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Useful links

Here are links to other key organisations that support or can provide information to members of the RAF family. 

Aircrew Association: Exists to foster comradeship amongst those who, having been awarded an official flying badge, have qualified to operate military aircraft and are serving, or have served, as military aircrew in the Armed Forces of those nations allied to the United Kingdom and the Commonwealth.

Alexander Duckham Memorial Schools Trust: The Alexander Duckham Memorial Schools Trust aims to promote the education and welfare of children of members, and former members of the RAF who are in need of financial assistance

Armed Forces Memorial Appeal: The Appeal's task is to provide a National Monument of beauty, meaning and substance, to act as a lasting Memorial to the men and women of the United Kingdom Armed Forces who have lost their lives while on duty or as a result of terrorism since the Second World War.

Battle of Britain Historical Society: In the summer of 1940, 2,944 pilots took part in an historic battle against the German Luftwaffe that was to become the only battle ever to be fought entirely in the air, this battle was to become known as the 'Battle of Britain' and the pilots as 'The Few'.

BEWSA (British ex-Services Wheelchair Sports Association): BEWSA was formed in September 1987 after a small group of disabled ex-Service men and women were invited to fly to the United States of America to participate in the 'Paralysed Veterans of America (PVA) National Veterans Wheelchair Games'.

BLESMA (British Limbless Ex-Service Men's Association): Over two thousand surviving Ex-Service men and women have lost one or more limbs as a result of in World War II, Korea, Suez, Aden, The Falklands, The Gulf, Northern Ireland and in support of the United Nations. For them the fight still goes on; to hold their own in the battle of life with a handicap which must always be theirs. Additionally BLESMA continues to care for some 2000 widows.

Burma Star Association: The broad aims of the Association are to promote the comradeship experienced in the bitter fighting in the jungles of Burma, and also to set up a welfare organisation so that members and widows in need can be given poverty assistance in times of ill-health or other debilitating circumstances.

Blind Veterans UK: A national UK charity established in 1915 by Sir Arthur Pearson to provide essential training and rehabilitation to blind ex-Service men and women. From army cadets to Gulf, Falklands, and Second World War veterans, Blind Veterans UK will help anyone who has served in the forces and who is now blinded due to war, age, accident or illness.

Combat Stress: The Ex-Services Mental Welfare Society, also known as Combat Stress, is the only charity dedicated to giving care, comfort and reassurance, backed by skilled clinical support, to men and women of all ranks and all Services suffering from varying degrees of mental illness as a result of traumatic battle experiences.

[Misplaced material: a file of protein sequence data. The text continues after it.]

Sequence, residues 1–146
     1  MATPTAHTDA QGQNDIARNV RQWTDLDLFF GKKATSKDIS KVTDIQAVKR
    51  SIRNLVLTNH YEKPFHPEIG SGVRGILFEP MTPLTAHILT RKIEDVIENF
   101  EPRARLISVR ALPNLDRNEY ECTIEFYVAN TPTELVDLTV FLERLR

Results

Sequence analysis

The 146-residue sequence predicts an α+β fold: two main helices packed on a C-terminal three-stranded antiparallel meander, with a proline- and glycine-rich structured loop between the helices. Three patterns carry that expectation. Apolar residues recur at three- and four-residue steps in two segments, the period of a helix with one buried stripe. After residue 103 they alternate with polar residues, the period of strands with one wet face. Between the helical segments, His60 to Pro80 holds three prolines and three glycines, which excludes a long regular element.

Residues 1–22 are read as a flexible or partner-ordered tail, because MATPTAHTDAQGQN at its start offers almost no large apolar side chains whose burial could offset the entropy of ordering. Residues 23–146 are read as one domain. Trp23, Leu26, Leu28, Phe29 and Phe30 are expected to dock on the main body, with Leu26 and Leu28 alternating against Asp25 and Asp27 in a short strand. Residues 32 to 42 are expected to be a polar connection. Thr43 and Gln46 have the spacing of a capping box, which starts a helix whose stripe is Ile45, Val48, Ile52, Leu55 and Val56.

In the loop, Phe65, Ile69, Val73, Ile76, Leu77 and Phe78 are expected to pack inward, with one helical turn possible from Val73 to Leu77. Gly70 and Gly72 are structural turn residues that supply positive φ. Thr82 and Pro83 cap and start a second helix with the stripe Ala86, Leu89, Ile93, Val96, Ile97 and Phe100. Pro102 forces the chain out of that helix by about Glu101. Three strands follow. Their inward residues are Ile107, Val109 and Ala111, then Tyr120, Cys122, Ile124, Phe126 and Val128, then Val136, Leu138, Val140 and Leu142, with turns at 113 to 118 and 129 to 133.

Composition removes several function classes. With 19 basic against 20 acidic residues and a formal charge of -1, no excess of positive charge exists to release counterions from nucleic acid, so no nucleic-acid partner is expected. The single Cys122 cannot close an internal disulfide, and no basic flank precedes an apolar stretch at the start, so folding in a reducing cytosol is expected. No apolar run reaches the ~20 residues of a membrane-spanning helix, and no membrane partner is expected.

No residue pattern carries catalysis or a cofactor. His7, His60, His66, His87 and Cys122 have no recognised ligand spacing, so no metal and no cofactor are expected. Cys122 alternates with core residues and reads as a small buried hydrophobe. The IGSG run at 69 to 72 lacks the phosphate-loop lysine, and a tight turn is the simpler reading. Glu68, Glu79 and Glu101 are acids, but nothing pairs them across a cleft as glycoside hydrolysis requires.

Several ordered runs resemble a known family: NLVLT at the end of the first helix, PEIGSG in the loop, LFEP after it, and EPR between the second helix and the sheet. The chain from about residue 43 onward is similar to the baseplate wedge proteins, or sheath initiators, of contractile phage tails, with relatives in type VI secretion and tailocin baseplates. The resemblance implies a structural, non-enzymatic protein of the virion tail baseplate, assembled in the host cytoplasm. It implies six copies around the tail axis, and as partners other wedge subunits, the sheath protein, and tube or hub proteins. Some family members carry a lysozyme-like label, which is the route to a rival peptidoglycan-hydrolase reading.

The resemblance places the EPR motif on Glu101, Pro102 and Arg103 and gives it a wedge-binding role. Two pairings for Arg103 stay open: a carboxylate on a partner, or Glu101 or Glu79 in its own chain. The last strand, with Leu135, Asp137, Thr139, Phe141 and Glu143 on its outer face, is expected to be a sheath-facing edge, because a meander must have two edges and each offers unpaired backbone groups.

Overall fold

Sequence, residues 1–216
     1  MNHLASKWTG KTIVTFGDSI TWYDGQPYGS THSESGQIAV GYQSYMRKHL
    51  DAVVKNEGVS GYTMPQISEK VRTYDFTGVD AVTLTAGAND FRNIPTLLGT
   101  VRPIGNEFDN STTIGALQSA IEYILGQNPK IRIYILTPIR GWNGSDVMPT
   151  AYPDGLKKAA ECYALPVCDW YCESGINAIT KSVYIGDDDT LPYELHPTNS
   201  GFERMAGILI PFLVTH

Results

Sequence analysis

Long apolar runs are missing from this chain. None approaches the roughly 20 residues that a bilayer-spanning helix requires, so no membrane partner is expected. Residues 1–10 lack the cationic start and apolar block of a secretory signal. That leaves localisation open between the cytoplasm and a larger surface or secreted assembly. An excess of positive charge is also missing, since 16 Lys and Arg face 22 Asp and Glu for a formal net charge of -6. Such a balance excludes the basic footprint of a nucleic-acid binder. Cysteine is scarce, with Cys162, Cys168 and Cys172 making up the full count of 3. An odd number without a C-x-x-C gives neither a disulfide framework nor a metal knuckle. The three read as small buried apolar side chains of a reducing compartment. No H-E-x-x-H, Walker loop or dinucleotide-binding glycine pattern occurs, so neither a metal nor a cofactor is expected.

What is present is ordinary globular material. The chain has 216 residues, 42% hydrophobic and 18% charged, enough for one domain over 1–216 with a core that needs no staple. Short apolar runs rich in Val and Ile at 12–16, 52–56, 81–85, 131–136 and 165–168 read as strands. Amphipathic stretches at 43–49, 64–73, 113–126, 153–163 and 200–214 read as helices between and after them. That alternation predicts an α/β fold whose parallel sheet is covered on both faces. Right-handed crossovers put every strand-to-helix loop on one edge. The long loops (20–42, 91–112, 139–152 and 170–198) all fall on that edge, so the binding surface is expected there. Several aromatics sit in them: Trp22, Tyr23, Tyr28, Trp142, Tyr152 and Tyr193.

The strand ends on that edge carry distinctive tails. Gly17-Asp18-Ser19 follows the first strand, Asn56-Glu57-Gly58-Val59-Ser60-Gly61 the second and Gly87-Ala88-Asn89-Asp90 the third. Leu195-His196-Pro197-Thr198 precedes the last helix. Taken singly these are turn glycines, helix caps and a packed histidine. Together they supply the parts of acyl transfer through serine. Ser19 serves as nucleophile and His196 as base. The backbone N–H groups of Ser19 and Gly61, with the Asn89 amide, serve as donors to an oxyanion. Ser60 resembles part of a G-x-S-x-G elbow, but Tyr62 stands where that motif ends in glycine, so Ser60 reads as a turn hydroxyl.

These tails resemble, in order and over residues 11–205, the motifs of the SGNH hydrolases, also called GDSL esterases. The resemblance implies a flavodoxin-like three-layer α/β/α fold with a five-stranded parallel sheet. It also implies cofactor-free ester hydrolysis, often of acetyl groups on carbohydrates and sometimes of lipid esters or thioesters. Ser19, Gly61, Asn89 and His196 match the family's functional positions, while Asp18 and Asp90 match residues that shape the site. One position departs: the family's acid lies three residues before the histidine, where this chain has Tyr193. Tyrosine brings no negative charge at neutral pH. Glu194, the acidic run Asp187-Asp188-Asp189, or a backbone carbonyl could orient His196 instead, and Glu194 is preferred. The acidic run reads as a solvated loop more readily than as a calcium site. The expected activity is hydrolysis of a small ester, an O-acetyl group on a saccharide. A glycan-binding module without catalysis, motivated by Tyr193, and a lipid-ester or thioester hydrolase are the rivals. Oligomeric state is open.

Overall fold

Confederation of British Service & Ex-Service Organisations: COBSEO is established to represent, promote and further the interests of Service and ex-Service men and women of all ranks, and of their spouses and dependants by all practical, legal and proper means.

Defence Medical Welfare Services: DMWS works in partnership with the Ministry of Defence to provide practical and emotional support to military personnel and other entitled patients in hospital. Welfare Officers of the Defence Medical Welfare Service work with patients from all the Armed Forces, wherever they serve, including working within Field Hospitals during times of conflict.

Falklands Veterans Foundation: The Falklands Veterans Foundation (FVF) is the first UK based charity for Falklands Veterans and their Families and is committed to providing a network of support both financially and through support work for all Veterans and their Families.

Guinea Pig Club: The Guinea Pig Club was formed in 1941 to support aircrew who were undergoing reconstructive plastic surgery after receiving burn injuries, mostly as fighter pilots in the Battle of Britain. Pioneer plastic surgeon Archibald McIndoe worked at the Queen Victoria Hospital burns unit in East Grinstead, rehabilitating burns casualties at a time when the treatment of burns by surgery was in its infancy.

The term "Guinea Pig" reflected the experimental nature of the reconstructive work he carried out on the club's members and the new equipment designed to treat these injuries. The Guinea Pig Club was the direct result of his efforts to make life in the hospital easy for patients who had gone through at least ten surgical procedures and to begin to rebuild them psychologically in preparation for life outside the hospital. By the end of the war around 80% of the membership, which had then grown to 649, were from bomber crews. The Club still exists for the original burns patients who now number less than 75. Following the transfer of club funds, the RAF Benevolent Fund now handles all applications for financial assistance for 'Guinea Pigs'.